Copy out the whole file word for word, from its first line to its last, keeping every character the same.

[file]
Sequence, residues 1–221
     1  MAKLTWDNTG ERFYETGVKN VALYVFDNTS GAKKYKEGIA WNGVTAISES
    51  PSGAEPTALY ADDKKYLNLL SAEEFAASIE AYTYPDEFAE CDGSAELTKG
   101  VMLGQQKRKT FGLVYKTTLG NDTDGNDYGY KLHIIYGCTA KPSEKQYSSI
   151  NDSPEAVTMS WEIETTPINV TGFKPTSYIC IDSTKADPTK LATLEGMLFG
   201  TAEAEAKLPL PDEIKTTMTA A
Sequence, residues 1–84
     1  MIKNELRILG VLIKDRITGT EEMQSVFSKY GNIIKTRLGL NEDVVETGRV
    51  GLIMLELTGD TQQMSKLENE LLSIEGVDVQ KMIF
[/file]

Sequence, residues 1–221
     1  MAKLTWDNTG ERFYETGVKN VALYVFDNTS GAKKYKEGIA WNGVTAISES
    51  PSGAEPTALY ADDKKYLNLL SAEEFAASIE AYTYPDEFAE CDGSAELTKG
   101  VMLGQQKRKT FGLVYKTTLG NDTDGNDYGY KLHIIYGCTA KPSEKQYSSI
   151  NDSPEAVTMS WEIETTPINV TGFKPTSYIC IDSTKADPTK LATLEGMLFG
   201  TAEAEAKLPL PDEIKTTMTA A
Sequence, residues 1–84
     1  MIKNELRILG VLIKDRITGT EEMQSVFSKY GNIIKTRLGL NEDVVETGRV
    51  GLIMLELTGD TQQMSKLENE LLSIEGVDVQ KMIF